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Ancient DNA and the Polymerase Chain Reaction

  • Mary E. Malainey
Chapter
Part of the Manuals in Archaeological Method, Theory and Technique book series (MATT)

Abstract

The development of the polymerase chain reaction (PCR) in the mid-1980s by K. B. Mullis, an American biochemist, stimulated the rapid growth of a new avenue of anthropological inquiry. Using this process, miniscule amounts of genetic material from ancient materials can be studied. Targeted segments of preserved deoxyribonucleic acid (DNA) are copied and re-copied until there is enough present for further analysis. The area selected for amplification depends upon the specific research question. The majority of anthropological applications involving DNA analysis fall under the realm of physical anthropology. Both modern and ancient human DNA are used to determine the status of genetic traits with restricted distributions in order to address questions of kinship, population movement, the occurrence of disease, gender distributions, and evolutionary lineage. Reviews focusing primarily on the analysis of ancient DNA (or aDNA) from human remains recovered from archaeological contexts appear in Kaestle and Horsburgh (2002) and Jones (2003); Mulligan (2006) provides a critical review of aDNA extracted from the remains of humans, other animals and plants, as well as aDNA preserved in archaeological residues. Descriptions of the procedures and issues surrounding the analysis of aDNA are provided in Brown (2001), Cano (2000), Kaestle and Horsburgh (2002), Mulligan (2006), and O’Rourke et al. (2000). Further information about the amplification and analysis of DNA using PCR, DNA cloning, and DNA sequencing can be found in biochemistry textbooks such as Lehninger et al. (1993) and Nelson and Cox (2008).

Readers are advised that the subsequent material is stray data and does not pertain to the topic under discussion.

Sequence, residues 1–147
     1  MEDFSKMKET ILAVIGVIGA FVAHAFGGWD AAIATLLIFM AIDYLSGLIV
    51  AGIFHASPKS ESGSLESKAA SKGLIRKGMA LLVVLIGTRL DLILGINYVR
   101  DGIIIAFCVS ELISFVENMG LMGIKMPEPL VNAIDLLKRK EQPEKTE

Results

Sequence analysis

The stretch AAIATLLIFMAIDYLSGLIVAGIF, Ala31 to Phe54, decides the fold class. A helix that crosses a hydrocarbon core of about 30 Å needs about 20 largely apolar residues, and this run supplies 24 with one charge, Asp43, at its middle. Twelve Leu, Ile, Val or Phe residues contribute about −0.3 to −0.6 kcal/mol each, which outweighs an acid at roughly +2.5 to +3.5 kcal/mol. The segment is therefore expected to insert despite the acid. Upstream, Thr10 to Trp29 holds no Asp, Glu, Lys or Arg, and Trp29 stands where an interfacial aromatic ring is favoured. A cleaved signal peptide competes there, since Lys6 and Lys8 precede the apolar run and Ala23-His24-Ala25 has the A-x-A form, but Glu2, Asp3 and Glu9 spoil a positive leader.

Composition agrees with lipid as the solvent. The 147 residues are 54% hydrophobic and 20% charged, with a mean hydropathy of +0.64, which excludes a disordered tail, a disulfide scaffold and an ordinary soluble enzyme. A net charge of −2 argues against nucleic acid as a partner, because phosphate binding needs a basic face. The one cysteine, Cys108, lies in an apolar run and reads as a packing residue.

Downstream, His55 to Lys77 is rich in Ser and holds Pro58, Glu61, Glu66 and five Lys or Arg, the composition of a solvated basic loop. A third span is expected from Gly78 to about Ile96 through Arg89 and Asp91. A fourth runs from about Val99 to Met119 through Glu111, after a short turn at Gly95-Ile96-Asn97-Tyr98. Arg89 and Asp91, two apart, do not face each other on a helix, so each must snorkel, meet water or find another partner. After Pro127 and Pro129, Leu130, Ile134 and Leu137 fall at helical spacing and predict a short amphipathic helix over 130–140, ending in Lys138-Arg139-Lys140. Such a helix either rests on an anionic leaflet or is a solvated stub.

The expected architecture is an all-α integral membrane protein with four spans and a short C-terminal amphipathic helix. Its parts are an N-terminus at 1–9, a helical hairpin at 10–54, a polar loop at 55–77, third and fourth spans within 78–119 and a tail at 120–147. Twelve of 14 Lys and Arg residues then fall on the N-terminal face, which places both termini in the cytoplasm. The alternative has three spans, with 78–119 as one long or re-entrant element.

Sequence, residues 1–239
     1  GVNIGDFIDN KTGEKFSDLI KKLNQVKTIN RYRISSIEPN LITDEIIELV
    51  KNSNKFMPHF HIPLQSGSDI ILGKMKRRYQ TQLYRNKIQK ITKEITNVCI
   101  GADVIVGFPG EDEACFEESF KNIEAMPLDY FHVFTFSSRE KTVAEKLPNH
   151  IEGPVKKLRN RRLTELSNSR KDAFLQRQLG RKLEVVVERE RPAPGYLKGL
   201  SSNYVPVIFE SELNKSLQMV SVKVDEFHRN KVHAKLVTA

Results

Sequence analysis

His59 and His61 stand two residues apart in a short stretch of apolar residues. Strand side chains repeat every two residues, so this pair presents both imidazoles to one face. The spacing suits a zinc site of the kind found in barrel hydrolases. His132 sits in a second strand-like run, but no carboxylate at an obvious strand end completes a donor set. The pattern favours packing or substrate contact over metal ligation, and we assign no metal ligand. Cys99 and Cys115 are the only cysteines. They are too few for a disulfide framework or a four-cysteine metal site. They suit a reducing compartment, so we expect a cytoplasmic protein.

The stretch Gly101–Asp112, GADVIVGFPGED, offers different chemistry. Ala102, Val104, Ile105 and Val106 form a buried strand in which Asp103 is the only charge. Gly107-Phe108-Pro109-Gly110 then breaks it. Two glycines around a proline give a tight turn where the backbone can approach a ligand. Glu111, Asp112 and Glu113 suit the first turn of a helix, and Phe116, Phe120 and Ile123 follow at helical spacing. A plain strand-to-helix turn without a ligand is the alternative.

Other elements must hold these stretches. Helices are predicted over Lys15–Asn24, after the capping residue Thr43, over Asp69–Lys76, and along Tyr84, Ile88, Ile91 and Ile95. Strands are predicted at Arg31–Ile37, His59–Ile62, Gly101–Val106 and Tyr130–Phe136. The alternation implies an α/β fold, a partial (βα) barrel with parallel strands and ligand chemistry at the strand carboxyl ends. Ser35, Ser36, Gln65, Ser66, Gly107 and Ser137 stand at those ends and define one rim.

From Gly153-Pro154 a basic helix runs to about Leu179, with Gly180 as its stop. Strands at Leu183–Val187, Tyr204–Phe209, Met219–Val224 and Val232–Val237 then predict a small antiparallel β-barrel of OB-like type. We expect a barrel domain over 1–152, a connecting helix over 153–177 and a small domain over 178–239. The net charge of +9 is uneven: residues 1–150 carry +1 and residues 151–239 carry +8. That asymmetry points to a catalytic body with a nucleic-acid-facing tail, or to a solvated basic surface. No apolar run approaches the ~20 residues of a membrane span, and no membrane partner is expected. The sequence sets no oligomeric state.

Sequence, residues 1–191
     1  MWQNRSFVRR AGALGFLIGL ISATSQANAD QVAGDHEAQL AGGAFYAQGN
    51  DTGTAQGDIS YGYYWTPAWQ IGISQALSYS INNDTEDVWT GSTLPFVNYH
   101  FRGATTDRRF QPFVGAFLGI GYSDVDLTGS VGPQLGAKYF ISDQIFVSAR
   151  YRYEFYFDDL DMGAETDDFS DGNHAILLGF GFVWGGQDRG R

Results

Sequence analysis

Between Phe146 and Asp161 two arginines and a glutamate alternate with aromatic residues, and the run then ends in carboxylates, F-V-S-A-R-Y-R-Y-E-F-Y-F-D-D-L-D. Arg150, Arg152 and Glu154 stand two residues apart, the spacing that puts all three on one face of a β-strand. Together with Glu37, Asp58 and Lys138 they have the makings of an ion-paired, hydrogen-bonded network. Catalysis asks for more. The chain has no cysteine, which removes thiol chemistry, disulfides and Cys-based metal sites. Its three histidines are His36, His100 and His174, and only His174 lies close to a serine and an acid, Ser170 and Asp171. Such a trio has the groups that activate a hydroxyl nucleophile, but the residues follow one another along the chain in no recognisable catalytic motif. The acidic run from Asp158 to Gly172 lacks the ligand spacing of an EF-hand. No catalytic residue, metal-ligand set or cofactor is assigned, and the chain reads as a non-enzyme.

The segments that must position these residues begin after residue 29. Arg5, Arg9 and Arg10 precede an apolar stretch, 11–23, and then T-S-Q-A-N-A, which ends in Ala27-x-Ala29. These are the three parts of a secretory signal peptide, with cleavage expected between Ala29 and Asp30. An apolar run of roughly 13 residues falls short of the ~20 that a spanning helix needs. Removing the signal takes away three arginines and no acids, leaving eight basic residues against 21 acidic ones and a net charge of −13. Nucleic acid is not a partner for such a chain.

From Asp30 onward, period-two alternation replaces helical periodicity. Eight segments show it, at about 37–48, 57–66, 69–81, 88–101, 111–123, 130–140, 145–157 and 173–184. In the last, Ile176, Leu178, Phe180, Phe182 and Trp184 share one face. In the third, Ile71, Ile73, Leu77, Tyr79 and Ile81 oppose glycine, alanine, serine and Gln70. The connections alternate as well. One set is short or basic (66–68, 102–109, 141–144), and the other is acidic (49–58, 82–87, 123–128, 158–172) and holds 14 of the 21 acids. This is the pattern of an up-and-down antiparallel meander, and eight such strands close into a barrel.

Keywords

Cloning Vector Complementary Strand Polymerase Chain Reaction Inhibitor aDNA Analysis American Biochemist 
These keywords were added by machine and not by the authors. This process is experimental and the keywords may be updated as the learning algorithm improves.

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Copyright information

© Springer Science+Business Media, LLC 2011

Authors and Affiliations

  • Mary E. Malainey
    • 1
  1. 1.Department of AnthropologyBrandon UniversityBrandonCanada

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